Sarah Wilson, an Art Director on her DPS year, examines the culture of free work and unpaid ‘internships’
In 2015 there were 21,000 unpaid interns in the UK, most of these unpaid interns were based in London. As the years have gone on I can only imagine the numbers have done nothing but increase and with it getting harder and harder to find a job in London the amount of experience we have has never mattered more.
When I first started looking for internships I was more concerned about finding something I enjoyed and something that would look good on my CV more than finding something that paid well, although a nice pay check at the end of every month would be an ideal situation I knew that it wasn’t something that was guaranteed and not something I should prioritise. So when I applied for an online men’s fashion publication that I had followed for a while and they showed interest in hiring me, money wasn’t even on my mind when I accepted the position
At first it was great, almost fun. I could wake up at 3pm and work from my bed and still make deadlines. It wasn’t until I was asked to work on some merchandising for them that I started to have a problem with not being paid. I hadn’t really learnt much at this point, it was mostly just layout work and all of a sudden all of my time was consumed with researching (which looked a lot like online shopping) and generating ideas for t-shirts and hoodies. When I first started sending over ideas it was good to get positive feedback and exciting to think that these designs would be exposed and hopefully owned by their followers, which is a lot of people, but now I think it’s bullshit.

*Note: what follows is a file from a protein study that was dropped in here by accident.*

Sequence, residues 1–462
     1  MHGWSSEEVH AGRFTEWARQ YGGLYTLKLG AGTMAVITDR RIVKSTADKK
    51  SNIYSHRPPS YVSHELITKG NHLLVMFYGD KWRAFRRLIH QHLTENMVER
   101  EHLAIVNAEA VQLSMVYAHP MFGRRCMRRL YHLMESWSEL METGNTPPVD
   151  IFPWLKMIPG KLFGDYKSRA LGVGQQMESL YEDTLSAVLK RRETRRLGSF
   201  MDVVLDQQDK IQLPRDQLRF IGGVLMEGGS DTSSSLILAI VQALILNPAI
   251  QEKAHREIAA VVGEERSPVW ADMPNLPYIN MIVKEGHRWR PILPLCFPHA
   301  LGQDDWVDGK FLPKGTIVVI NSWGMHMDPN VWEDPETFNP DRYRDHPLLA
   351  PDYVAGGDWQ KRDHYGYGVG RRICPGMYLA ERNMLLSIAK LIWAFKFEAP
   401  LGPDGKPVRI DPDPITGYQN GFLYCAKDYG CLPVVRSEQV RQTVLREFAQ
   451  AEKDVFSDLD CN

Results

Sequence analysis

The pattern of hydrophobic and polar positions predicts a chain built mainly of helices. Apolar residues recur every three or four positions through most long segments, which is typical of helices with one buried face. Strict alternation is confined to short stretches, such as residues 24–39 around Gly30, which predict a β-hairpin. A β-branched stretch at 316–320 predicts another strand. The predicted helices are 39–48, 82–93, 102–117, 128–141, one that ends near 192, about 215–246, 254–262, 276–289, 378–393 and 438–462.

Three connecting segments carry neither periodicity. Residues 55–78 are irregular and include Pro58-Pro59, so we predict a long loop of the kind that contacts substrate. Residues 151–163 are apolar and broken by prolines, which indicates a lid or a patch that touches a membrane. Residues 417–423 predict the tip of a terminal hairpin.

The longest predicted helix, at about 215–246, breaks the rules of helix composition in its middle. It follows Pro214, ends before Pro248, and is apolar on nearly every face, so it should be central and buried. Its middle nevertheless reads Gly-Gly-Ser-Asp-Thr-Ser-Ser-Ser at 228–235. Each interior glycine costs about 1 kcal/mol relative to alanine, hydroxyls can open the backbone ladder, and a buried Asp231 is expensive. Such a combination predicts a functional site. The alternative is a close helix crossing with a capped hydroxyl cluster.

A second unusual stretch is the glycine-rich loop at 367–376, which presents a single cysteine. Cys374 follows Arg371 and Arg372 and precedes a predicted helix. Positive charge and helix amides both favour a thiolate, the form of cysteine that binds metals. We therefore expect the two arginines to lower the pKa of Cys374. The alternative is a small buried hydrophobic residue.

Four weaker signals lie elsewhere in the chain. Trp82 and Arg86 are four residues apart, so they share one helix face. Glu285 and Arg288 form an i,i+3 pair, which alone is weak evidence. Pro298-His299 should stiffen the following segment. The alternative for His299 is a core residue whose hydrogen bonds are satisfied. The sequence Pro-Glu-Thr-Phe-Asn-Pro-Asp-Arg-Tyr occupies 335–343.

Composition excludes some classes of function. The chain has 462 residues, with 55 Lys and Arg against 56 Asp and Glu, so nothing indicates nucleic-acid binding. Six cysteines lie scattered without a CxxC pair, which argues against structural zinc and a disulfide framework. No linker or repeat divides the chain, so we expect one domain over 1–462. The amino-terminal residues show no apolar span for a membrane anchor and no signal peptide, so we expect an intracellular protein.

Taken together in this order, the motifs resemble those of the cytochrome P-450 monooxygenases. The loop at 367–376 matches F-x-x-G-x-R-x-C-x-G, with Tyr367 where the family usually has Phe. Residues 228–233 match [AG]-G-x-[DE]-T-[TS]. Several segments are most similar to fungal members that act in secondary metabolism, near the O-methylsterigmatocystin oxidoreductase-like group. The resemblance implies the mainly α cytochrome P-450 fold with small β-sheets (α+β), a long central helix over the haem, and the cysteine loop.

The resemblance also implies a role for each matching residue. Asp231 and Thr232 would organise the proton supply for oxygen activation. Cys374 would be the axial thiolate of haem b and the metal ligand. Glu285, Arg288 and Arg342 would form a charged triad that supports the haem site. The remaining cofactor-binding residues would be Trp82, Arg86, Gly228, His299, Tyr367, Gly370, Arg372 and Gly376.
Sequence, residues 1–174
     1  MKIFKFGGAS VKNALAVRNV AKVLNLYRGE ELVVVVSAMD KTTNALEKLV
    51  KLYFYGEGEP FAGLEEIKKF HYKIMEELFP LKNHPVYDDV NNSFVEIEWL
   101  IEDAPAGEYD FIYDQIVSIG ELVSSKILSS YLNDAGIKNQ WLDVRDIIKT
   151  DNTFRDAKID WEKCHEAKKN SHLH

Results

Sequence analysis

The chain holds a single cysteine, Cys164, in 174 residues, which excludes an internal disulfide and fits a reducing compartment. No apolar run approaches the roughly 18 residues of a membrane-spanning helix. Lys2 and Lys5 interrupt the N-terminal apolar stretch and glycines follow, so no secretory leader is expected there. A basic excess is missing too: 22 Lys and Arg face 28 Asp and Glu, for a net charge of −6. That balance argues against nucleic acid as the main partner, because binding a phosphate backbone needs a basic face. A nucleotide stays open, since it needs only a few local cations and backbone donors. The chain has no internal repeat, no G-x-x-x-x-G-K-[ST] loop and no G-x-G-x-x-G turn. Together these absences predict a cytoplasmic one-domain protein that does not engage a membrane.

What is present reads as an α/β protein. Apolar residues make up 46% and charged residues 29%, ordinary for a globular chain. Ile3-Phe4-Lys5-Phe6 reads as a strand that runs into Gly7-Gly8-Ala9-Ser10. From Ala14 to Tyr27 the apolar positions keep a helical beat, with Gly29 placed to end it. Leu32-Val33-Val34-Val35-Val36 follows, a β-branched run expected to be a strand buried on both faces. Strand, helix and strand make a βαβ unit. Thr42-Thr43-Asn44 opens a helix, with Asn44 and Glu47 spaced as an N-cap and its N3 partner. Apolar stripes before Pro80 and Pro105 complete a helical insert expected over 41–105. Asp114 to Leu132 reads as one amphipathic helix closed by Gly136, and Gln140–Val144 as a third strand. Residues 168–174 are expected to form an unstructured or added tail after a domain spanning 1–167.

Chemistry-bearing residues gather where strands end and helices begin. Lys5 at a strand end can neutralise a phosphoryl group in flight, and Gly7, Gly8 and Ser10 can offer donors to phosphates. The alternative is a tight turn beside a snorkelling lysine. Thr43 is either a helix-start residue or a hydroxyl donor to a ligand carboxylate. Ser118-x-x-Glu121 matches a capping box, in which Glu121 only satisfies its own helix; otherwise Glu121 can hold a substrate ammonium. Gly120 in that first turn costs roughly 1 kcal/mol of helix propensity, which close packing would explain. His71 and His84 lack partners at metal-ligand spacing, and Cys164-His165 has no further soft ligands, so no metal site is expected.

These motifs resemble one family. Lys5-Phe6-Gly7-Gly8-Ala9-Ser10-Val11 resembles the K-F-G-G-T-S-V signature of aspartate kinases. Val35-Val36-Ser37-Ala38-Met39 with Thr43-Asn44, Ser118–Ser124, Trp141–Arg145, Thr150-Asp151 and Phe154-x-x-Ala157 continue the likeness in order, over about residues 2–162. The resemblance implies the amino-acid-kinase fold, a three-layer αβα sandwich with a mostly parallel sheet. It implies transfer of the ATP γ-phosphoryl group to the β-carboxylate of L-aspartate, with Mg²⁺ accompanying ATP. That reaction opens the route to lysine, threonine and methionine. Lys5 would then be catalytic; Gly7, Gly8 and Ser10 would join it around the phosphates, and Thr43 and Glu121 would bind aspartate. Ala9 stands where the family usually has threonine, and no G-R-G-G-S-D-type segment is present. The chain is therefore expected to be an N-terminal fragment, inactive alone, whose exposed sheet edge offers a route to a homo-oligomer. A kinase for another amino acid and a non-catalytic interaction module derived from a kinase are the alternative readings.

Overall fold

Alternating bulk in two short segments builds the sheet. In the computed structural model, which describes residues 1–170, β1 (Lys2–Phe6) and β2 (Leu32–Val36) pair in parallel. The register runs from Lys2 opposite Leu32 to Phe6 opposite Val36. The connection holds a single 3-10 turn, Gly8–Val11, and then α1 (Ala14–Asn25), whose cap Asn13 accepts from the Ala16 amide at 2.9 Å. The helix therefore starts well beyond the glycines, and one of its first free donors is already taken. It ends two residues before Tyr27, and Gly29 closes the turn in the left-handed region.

There is a big difference between taking on an intern to help out with some work that will not only benefit you but the intern as well by giving them some work to put in their portfolio and taking on an intern, not crediting their work and not paying them for work that you’re going to make a lot of profit from. I have realised that when it comes to your employer selling your work for profit there is in fact a price you can put on experience, and that is 10%.
Artists and designers not being paid for their work seems to be a recurring topic with companies like Zara being accused of copying independent etsy shops work and even Sainsbury’s, a company with a £26billion turnaround, asking for artists to work for free.
Once I knew what topic I was going to write about for this blog post I started to do some research and came across this website that was put together by Jessica Hische, a designer and author from the States, that highlights the internal questions we may ask ourselves when we’re told “we don’t have a budget” or asked “can you do it for free?” and will guide you to a yes or no answer as to whether you should do it or not.
I also found these illustrations by Emmie Tsumura who was commissioned by Format Magazine to “Imagine the faces of people who want you to work for exposure” to support their article that focused on creative being asked to work for free to gain exposure.